http://www.luminous-landscape.com/tutorials/expose-right.shtml This article will give you an idea how the histogram work.
 

Ah Pao

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#10
Terence said:
Ok, I'm thoroughly confused now, especially by your last sentence.
sRGB and CMYK are colour spaces. They define the gamut of colours that your output device (be it a printer or a monitor) can display. There are many different colour spaces out there, but the two I've mentioned are the more commonly used.

Monitors use the sRGB space because they use the additive primary colours red, green and blue to create the many different colours we see.

Printers use the CMYK space because they use the subtractive primary colours cyan, magenta and yellow to create the range of colours. Black is added as one of the "primary" colours because mixing cyan, magenta and yellow pigments do not create true black in printers.

So, because they use different colour spaces the two devices cannot accurately translate one colour space to another, especially so if some colours are in one space but cannot be accurately represented in another. For example, you can never get lime green or bright red on a printer (well, at least not on the low end inkjet printers).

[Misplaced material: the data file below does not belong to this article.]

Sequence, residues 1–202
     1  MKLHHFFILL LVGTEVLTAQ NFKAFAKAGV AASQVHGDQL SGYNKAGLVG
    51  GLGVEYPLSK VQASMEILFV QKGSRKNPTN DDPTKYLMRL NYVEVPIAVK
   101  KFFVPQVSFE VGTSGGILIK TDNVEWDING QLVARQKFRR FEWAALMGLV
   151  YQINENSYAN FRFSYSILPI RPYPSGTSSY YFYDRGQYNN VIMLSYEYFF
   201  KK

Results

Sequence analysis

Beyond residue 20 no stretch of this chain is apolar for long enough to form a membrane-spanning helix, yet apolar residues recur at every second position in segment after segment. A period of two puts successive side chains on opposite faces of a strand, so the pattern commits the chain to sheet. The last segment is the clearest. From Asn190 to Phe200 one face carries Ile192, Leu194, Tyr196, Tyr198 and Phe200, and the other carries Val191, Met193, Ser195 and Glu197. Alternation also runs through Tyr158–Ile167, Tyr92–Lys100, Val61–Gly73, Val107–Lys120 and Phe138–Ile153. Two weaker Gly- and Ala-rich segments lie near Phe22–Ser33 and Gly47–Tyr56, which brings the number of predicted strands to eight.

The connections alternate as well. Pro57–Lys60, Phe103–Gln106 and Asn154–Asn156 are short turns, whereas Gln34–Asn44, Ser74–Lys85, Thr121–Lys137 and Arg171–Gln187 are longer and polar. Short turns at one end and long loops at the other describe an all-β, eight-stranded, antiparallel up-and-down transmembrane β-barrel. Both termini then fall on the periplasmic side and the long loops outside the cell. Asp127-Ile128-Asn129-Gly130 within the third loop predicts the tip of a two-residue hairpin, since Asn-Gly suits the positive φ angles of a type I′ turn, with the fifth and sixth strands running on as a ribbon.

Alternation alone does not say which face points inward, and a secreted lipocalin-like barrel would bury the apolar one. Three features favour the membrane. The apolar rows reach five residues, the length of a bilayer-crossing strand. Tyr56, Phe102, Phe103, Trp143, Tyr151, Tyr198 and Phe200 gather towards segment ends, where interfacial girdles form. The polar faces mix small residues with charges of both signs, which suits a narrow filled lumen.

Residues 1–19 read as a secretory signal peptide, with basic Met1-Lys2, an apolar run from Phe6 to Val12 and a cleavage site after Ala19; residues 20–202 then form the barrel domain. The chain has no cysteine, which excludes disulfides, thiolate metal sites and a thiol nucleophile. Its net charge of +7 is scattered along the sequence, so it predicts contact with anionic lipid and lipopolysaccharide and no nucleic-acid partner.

So, to preview the actual colours you will see on the printer, you can switch the colour space of the image from sRGB to CMKY. The colours will appear duller but it is a more accurate representation of your final output on paper.
 

uginz

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Ah Pao said:
sRGB and CMYK are colour spaces. They define the gamut of colours that your output device (be it a printer or a monitor) can display. There are many different colour spaces out there, but the two I've mentioned are the more commonly used.

Monitors use the sRGB space because they use the additive primary colours red, green and blue to create the many different colours we see.